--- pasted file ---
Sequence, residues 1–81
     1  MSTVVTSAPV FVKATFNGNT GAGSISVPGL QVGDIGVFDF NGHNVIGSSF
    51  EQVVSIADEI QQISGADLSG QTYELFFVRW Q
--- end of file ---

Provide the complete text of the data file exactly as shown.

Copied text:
Sequence, residues 1–81
     1  MSTVVTSAPV FVKATFNGNT GAGSISVPGL QVGDIGVFDF NGHNVIGSSF
    51  EQVVSIADEI QQISGADLSG QTYELFFVRW Q